As many people know, college admissions can be one of the most daunting parts of the whole college process. It’s even harder going in as a first-generation college student due to the lack of guidance and the high expectations. I am a first gen and this is my story of college admissions.
I come from a family made up of a law enforcement officer as a father and an emergency dispatcher for a mother, both of whom did not attend college and went straight into the workforce. I knew that the college admissions’ game would be hard, but I never expected what I encountered. Between the crazy deadlines and all the scholarship work, I sometimes felt like there was no end to the college admissions game. Here are my tips to surviving college admissions:
Tip #1: Make multiple deadlines
Deadlines were one of my most hated things during the whole process. I always had about two different deadlines for every part of the process; a rough draft and then the actual deadline. I cannot state enough that multiple deadlines will help you stay on track. Keep one deadline made specifically for a first draft so that you have a base to work off. Then, have an actual deadline so that you have plenty of time to go back and fix any mistakes that you may have made.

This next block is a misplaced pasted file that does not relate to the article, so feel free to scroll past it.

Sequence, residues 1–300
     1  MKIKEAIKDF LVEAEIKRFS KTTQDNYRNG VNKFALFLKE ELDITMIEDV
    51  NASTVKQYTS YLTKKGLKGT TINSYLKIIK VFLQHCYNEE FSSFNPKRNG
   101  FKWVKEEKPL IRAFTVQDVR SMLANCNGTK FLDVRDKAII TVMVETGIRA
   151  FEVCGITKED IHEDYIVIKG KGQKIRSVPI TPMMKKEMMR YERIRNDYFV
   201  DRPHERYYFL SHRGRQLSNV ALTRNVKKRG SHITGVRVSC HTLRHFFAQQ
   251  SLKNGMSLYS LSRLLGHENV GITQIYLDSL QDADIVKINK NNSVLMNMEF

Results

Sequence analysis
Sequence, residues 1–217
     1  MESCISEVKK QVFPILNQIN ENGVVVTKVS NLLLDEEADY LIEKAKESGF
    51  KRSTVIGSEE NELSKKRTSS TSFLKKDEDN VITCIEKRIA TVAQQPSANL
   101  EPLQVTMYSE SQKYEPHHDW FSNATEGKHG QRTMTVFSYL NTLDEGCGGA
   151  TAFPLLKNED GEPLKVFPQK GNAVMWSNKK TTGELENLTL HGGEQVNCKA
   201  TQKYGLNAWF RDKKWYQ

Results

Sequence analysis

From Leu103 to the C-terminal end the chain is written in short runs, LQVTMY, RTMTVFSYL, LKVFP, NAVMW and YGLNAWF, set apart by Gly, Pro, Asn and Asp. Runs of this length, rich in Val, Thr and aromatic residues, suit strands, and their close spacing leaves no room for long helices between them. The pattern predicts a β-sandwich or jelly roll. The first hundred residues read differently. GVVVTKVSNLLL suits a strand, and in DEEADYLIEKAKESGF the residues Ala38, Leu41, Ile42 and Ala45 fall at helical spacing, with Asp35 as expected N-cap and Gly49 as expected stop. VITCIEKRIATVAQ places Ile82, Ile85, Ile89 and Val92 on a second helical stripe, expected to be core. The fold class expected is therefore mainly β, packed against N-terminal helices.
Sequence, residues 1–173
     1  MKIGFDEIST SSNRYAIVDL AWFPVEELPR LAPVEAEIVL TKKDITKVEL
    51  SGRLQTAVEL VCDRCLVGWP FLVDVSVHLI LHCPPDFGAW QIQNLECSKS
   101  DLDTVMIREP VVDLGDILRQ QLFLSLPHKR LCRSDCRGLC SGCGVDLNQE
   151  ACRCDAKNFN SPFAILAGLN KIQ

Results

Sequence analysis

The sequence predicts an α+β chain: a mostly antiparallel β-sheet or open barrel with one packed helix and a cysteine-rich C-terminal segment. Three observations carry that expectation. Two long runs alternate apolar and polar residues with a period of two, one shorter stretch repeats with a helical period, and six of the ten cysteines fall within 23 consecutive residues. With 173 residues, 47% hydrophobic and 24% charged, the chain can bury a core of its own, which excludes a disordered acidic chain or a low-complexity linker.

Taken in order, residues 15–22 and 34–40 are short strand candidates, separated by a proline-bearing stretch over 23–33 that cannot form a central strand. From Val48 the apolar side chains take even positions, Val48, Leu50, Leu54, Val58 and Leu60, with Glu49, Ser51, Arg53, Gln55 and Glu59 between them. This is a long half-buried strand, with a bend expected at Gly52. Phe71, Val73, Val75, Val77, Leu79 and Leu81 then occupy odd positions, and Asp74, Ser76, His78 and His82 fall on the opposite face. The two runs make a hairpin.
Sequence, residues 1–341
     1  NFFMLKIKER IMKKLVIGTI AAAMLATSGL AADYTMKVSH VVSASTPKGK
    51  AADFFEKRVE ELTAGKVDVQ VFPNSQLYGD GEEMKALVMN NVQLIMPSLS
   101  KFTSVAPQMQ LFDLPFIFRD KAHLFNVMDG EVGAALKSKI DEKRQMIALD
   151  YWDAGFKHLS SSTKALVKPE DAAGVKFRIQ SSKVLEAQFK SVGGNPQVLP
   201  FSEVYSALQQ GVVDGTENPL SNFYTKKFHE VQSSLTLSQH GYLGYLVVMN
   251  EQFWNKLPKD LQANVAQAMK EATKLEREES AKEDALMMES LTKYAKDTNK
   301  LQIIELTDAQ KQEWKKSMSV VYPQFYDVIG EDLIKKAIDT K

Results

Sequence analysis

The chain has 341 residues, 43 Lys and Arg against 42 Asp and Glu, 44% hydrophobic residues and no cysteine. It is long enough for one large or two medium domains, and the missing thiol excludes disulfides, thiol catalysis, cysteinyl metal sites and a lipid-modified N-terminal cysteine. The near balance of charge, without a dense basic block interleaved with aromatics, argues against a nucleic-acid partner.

Tip #2: Have someone else read everything you plan to send in
My parents liked to read almost everything I did beforehand, and honestly most of the time this helped a lot. They were able to pick out most of the little errors and help me correct them. Proofreading is something that was a major help when it came to scholarship essays and admissions papers.
Tip #3: Talk to your counselors
Many times I had questions that my parents could not answer. Even the simplest questions I had clarified by my counselor just to be safe. Although I know it may seem embarrassing to have to go and ask for help, it never is. They’re there to help you when you have no clue what you are doing. One of the most frustrating things for me was when my parents and I would spend hours trying to get one thing done and I would go to my guidance counselor the next day and within 10 minutes she would have it resolved.
My advice to incoming first-generation students is to take advantage of your resources. Although your parents may not be able to help as much, you still have plenty of resources to get you through it. So to my fellow first gen’s — good luck!